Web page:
New research has confirmed what common sense has long held to be true: chickens allowed more than the industry standard of one hour of darkness a day are healthier.
Today, chickens raised for meat (called ‘broilers’) are typically allowed just one hour of darkness in a 24 hour period under the premise that the continued exposure to light will keep the birds eating and bring them to market weight faster.
However, new research by master’s student Tony Shynkaruk at the University of Saskatchewan shows that birds allowed more natural levels of darkness eat more frequently, have less risk of developing glaucoma, better mobility, reduced risk of mortality, and contrary to industry assumption, are actually heavier.
Dr. Karen Schwean-Lardner presented the work last month at the Animal Nutrition Conference of Canada.
The research exposed groups of chickens to one, four, 7 or 10 hours of darkness to determine which was best for bird health.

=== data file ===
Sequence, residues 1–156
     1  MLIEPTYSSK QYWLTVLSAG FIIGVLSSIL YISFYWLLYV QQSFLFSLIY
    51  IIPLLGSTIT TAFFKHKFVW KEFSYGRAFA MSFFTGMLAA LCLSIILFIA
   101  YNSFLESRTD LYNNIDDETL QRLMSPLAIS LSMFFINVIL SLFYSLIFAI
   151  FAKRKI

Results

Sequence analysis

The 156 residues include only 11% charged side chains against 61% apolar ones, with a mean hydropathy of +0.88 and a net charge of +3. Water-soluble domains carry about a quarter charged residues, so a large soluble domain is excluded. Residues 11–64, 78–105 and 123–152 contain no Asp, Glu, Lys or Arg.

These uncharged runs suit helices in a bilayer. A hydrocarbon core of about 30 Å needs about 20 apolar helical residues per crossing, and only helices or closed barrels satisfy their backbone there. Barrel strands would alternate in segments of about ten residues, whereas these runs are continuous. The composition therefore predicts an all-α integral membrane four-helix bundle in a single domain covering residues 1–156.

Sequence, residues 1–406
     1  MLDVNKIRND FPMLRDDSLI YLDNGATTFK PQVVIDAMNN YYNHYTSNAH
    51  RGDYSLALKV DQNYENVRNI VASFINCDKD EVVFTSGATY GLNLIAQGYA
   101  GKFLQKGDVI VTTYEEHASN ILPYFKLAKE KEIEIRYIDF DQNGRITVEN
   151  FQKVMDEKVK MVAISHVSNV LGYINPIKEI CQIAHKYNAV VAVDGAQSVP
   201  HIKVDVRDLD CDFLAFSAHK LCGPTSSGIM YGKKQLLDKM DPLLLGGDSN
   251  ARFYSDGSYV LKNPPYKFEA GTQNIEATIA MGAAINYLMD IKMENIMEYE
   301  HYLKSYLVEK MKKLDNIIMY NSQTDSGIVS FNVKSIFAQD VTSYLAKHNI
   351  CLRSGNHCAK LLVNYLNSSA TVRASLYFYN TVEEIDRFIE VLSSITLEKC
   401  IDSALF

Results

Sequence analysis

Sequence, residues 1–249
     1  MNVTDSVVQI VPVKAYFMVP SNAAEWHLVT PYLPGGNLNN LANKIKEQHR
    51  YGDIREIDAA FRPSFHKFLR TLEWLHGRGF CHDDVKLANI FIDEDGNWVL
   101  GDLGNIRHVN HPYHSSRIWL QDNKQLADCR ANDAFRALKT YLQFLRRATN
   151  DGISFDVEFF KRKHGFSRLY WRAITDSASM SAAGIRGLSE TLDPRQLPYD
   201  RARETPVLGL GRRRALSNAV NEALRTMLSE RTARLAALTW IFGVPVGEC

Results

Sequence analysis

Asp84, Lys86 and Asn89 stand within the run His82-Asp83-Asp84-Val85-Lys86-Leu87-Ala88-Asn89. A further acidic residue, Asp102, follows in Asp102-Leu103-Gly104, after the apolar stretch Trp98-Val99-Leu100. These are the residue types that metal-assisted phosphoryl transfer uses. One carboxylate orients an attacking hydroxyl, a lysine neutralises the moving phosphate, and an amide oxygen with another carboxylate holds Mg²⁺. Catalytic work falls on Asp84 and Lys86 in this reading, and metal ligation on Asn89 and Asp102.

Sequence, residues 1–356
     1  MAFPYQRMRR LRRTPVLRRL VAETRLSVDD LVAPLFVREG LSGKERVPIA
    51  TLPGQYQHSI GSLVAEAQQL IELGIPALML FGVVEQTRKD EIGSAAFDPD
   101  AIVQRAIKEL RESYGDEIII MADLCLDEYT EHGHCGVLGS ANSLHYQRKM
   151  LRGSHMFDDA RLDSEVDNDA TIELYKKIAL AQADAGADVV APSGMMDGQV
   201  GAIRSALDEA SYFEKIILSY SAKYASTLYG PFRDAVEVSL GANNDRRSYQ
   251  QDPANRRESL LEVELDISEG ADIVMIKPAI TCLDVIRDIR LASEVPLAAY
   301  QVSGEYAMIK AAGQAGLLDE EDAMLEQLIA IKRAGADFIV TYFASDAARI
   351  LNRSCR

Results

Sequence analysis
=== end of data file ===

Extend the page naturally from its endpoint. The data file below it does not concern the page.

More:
Earlier work by Dr. Schwean-Lardner showed that four hours of consecutive darkness resulted in heavier birds and that the heaviest weights at 49 days of age were at seven hours of darkness.
Dr. Schwean-Lardner’s earlier research found that birds allowed a more natural light/dark cycle initially grow at a slower rate. This allows the birds to develop stronger skeletal and metabolic systems before putting on weight, which results in the birds being less at risk of developing painful and crippling leg disorders, which are common in today’s broiler chickens. The research found that birds with the poorest mobility were those with just one hour of darkness while those with the best mobility were allowed 10 hours of darkness.
The research found that another benefit of a more natural light cycle is better ocular health. Today’s chickens frequently suffer from glaucoma from overexposure to bright light.
While research like this may seem unnecessary as it’s simply common sense that animals allowed a more natural light cycle will be healthier, it is a sad fact that studies like these are needed to confront industry’s continuance of cruel practices.